Officer’s role at Haditha argued

Times Staff Writer

Prosecutors and defense attorneys on Monday appealed to a hearing officer’s experience as an infantry battalion commander in their final arguments of the preliminary hearing for Lt. Col. Jeffrey Chessani, charged with failing to investigate the killings of 24 Iraqi civilians in Haditha by Marines under his command.

Lt. Col. Sean Sullivan, the lead prosecutor, told the hearing officer, Col. Christopher Conlin, that court-martialing Chessani will show that Chessani was being held to the same high standards that “99.99% of Marine officers and enlisted” obey.

“You’re an experienced battalion commander,” Sullivan said. “You were in theater. You know.”

But defense attorney Robert Muise said that, as a former commander, Conlin knows that a court-martial would hurt the morale of other commanders. He asked that Conlin recommend that the charges be dismissed and that Chessani be allowed to retire.


“The reality is, you know, sir, you served in Iraq, that civilian deaths are a regrettable consequence of this war,” Muise said.

Conlin will make his recommendation to Lt. Gen. James N. Mattis, commander of Marine Forces Central Command. If there is a court-martial, Mattis will pick the jury pool and, if there is a conviction, will decide whether the conviction stands.

In the military legal system, many of the major decisions are left to non-lawyers.

Mattis emphasized this by picking Conlin instead of an attorney as the hearing officer for Chessani, who stands accused of dereliction of duty and violating a direct order for not launching a formal investigation of the Nov. 19, 2005, killings. Chessani at the time commanded the 3rd Battalion, 1st Regiment. He is the highest-ranking member of the armed services to be charged with misdeeds in the Iraq war.


Of seven officers selected by Mattis to hear cases for the Haditha defendants, Conlin is the only non-attorney.

Several times in recent weeks, Conlin asked pointed questions that seemed to reflect a disapproval of Chessani’s actions. But he also did things that suggested he was concerned about the effect of the Haditha case on the morale of other Marine infantry troops, both enlisted and officers.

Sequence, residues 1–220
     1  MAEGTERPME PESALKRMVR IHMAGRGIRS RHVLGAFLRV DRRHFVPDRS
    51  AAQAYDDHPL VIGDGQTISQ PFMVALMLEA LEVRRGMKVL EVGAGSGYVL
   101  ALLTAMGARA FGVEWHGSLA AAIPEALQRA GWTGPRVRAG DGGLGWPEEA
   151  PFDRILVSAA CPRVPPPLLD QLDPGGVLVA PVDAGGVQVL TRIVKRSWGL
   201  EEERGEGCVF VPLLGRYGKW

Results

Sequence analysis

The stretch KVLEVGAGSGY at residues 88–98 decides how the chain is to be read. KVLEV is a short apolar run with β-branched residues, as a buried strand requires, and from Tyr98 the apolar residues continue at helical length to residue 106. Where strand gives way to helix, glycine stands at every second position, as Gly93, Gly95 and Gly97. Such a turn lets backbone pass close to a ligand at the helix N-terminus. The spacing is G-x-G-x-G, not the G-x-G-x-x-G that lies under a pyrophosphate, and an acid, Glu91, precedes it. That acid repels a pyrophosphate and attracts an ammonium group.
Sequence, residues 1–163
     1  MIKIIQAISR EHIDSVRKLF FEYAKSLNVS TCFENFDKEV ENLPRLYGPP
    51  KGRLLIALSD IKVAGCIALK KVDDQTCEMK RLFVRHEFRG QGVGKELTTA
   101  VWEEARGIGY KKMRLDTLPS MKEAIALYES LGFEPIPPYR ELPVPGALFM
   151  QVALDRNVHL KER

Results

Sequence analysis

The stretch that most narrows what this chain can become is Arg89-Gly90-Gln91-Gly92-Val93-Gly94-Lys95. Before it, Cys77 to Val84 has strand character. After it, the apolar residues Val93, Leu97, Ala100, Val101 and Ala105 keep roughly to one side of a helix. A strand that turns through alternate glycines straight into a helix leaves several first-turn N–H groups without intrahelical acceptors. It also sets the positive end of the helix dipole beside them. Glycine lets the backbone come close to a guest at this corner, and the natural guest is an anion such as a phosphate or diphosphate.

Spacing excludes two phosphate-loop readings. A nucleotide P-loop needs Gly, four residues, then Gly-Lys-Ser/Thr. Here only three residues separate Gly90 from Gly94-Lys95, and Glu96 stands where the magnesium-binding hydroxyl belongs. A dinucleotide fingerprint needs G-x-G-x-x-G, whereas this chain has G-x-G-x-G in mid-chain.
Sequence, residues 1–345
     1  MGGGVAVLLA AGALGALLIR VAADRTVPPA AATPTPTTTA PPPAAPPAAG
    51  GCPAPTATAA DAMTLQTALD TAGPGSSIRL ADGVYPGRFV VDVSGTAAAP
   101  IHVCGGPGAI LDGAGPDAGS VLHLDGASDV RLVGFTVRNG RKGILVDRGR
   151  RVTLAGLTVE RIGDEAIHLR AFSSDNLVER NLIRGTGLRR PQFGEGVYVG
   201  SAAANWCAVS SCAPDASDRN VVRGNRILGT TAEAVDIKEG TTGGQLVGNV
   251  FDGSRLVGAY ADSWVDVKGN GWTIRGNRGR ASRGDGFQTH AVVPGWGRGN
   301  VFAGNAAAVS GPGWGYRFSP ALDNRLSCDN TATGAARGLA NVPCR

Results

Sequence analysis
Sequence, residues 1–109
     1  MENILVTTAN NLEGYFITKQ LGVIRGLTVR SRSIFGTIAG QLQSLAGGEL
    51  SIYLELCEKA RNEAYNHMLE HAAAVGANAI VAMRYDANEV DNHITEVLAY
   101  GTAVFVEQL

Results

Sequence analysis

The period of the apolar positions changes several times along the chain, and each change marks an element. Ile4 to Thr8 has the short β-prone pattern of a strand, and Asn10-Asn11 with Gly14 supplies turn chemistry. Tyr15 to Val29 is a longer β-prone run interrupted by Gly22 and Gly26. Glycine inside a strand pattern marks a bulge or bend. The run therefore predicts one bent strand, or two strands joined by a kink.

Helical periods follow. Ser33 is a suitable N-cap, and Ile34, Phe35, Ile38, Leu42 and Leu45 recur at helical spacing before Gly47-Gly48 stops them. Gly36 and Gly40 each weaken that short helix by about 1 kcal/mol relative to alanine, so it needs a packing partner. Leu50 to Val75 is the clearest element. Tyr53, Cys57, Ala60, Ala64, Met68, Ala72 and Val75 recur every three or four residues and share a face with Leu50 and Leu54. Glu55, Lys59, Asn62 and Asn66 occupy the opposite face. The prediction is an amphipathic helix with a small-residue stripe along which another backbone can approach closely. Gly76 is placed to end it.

He spoke warmly to witnesses about their careers, praising some, assuring others that they have bright careers ahead. He apologized to one for getting him involved in “legal mumbo-jumbo.” When a colonel testified by phone from Saudi Arabia, the hearing officer greeted him with, “Hey buddy, Chris Conlin here, how are you doing?”

Conlin also refused to let a Benedictine monk testify about Islam for fear it would cause an adverse reaction when Iraqis learned of it.

There is nothing improper in this, legal experts say. The military justice system is “command-centric” and has been since George Washington led the Continental Army.

“Commanders have broad powers,” said Eugene R. Fidell, a military law expert in Washington. “They can very well be concerned with larger societal issues in deciding prosecutions, such as good order and discipline among the troops, along with the administration of justice.”

There were indications during the 2-week-long Article 32 inquiry, similar to a preliminary hearing, that the Haditha case has led to discontent in the infantry. Several officers, including a general, served as character witnesses for Chessani; others, subpoenaed by the prosecution, seemed resentful. Some sought and received immunity before testifying.

Capt. Jeffrey Dinsmore, who was the battalion intelligence officer, testified that he believed the decision to prosecute Chessani was politically motivated.


Lt. Col. Eric Smith, called as an expert witness on the duties of battalion commanders, said he found no joy in having to testify. He added that he did not believe “for a nanosecond” that Chessani had reason to believe a war crime had been committed by his troops.

Maj. Samuel Carrasco and Sgt. Maj. Edward Sax, who were with Chessani’s battalion in Haditha, testified that they deeply regretted having recommended that Chessani not visit the three houses where his Marines had killed 19 of the civilians.

Conlin sought to comfort Carrasco by telling him that he had done nothing wrong, implying that the fault lay with Chessani for having followed the major’s recommendation. “There’s no substitute for physical leadership,” Conlin said.

1st Lt. Adam Mathes testified that he believed the lesson of Haditha was that troops looking for insurgents have two choices: Let insurgents hiding behind civilians get away, or fight back and risk “being part of an investigation for the next year and a half.”